Cats have abundant loose skin over their body, which aids reconstructive surgery, but there are some anatomic differences and healing properties that are unique to the cat. The clinical relevance of these is described in the first chapter on wound healing. Cats are prone to trauma, from road traffic accidents to cat bite abscesses and axillary injuries from collars. Management of these wounds, including some unusual cryptic and chronic infections that are peculiar to the cat, are described in the subsequent chapter. Some wounds in cats benefit from surgical treatment with flaps or grafts and these are well described with surgical boxes for each procedure.

In the following three chapters, conditions affecting the feline skin and adnexal structures are covered in detail. There are separate chapters on skin tumors, mammary glands, and a final chapter on injection site sarcomas, which can be a particularly problematic condition to manage. This final chapter provides a thorough review of all the literature on this unusual feline problem and comparisons of treatment regimes including surgical resection and adjunctive chemotherapy and radiation.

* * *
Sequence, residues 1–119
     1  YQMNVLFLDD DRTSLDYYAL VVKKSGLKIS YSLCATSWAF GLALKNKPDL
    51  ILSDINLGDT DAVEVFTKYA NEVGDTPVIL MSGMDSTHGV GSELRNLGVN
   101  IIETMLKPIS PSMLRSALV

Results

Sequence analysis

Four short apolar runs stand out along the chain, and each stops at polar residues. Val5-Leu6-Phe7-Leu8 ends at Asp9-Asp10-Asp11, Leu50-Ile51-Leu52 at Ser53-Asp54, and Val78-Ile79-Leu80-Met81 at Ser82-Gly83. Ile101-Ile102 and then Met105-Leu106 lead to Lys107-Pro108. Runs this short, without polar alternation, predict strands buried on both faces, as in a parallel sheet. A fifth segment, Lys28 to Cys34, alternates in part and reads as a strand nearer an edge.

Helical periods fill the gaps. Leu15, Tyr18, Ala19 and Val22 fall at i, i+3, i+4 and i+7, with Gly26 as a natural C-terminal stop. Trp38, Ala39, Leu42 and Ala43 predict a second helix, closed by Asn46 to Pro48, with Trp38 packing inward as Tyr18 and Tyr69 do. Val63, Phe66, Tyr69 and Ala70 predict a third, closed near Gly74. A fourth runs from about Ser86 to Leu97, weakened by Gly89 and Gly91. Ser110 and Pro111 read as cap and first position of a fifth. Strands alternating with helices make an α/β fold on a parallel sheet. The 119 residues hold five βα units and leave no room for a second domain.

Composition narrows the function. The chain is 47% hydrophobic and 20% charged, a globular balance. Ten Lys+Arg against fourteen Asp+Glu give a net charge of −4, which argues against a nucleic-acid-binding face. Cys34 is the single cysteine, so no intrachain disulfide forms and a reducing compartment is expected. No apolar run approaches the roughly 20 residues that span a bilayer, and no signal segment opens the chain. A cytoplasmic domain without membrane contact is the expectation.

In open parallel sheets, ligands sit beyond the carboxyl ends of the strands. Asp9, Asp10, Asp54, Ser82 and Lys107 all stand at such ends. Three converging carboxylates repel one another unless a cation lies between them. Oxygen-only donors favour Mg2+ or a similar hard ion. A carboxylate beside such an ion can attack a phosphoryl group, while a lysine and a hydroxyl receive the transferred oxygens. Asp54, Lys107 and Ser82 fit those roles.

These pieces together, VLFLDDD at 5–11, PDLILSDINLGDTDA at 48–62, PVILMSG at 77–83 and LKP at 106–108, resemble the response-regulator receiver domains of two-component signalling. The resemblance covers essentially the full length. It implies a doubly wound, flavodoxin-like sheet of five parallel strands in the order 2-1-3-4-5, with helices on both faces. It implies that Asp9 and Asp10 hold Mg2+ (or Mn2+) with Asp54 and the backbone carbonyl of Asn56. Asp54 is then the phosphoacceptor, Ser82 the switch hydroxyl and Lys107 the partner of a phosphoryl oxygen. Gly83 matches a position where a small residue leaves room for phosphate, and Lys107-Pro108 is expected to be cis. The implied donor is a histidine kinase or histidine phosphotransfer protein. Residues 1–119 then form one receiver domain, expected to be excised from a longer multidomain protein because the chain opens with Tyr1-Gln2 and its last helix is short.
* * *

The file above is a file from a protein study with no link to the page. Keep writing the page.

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Sep 6, 2016 | Posted by in SUGERY, ORTHOPEDICS & ANESTHESIA | Comments Off on Introduction

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